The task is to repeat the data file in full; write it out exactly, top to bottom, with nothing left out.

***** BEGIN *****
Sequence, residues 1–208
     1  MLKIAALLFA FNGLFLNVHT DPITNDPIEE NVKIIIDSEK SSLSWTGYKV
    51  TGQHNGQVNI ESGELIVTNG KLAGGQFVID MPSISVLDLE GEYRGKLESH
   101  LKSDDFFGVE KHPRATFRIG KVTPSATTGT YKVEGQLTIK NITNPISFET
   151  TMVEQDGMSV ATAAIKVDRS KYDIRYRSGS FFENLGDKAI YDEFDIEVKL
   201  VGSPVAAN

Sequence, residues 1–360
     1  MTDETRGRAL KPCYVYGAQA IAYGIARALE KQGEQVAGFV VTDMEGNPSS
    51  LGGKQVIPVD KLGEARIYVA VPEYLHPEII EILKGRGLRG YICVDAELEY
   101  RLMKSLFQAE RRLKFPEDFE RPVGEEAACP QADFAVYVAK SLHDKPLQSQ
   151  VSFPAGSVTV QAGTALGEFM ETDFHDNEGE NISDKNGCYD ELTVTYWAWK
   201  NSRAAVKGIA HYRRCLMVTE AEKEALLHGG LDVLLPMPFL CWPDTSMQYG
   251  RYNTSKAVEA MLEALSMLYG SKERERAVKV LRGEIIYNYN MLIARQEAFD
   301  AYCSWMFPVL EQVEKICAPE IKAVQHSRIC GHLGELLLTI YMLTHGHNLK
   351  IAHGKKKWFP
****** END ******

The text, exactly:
Sequence, residues 1–208
     1  MLKIAALLFA FNGLFLNVHT DPITNDPIEE NVKIIIDSEK SSLSWTGYKV
    51  TGQHNGQVNI ESGELIVTNG KLAGGQFVID MPSISVLDLE GEYRGKLESH
   101  LKSDDFFGVE KHPRATFRIG KVTPSATTGT YKVEGQLTIK NITNPISFET
   151  TMVEQDGMSV ATAAIKVDRS KYDIRYRSGS FFENLGDKAI YDEFDIEVKL
   201  VGSPVAAN

Sequence, residues 1–360
     1  MTDETRGRAL KPCYVYGAQA IAYGIARALE KQGEQVAGFV VTDMEGNPSS
    51  LGGKQVIPVD KLGEARIYVA VPEYLHPEII EILKGRGLRG YICVDAELEY
   101  RLMKSLFQAE RRLKFPEDFE RPVGEEAACP QADFAVYVAK SLHDKPLQSQ
   151  VSFPAGSVTV QAGTALGEFM ETDFHDNEGE NISDKNGCYD ELTVTYWAWK
   201  NSRAAVKGIA HYRRCLMVTE AEKEALLHGG LDVLLPMPFL CWPDTSMQYG
   251  RYNTSKAVEA MLEALSMLYG SKERERAVKV LRGEIIYNYN MLIARQEAFD
   301  AYCSWMFPVL EQVEKICAPE IKAVQHSRIC GHLGELLLTI YMLTHGHNLK
   351  IAHGKKKWFP